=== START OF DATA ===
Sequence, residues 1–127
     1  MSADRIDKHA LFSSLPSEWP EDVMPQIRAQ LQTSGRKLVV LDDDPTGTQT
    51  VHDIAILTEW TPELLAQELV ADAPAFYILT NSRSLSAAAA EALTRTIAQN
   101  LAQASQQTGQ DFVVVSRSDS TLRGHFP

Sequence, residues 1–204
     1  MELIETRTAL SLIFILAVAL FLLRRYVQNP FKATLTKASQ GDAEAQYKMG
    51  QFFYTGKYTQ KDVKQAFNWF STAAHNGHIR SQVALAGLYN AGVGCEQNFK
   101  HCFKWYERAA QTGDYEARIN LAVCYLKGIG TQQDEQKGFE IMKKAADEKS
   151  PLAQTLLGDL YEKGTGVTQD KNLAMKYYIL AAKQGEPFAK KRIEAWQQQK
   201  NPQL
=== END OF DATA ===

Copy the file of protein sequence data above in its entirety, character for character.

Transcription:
Sequence, residues 1–127
     1  MSADRIDKHA LFSSLPSEWP EDVMPQIRAQ LQTSGRKLVV LDDDPTGTQT
    51  VHDIAILTEW TPELLAQELV ADAPAFYILT NSRSLSAAAA EALTRTIAQN
   101  LAQASQQTGQ DFVVVSRSDS TLRGHFP

Sequence, residues 1–204
     1  MELIETRTAL SLIFILAVAL FLLRRYVQNP FKATLTKASQ GDAEAQYKMG
    51  QFFYTGKYTQ KDVKQAFNWF STAAHNGHIR SQVALAGLYN AGVGCEQNFK
   101  HCFKWYERAA QTGDYEARIN LAVCYLKGIG TQQDEQKGFE IMKKAADEKS
   151  PLAQTLLGDL YEKGTGVTQD KNLAMKYYIL AAKQGEPFAK KRIEAWQQQK
   201  NPQL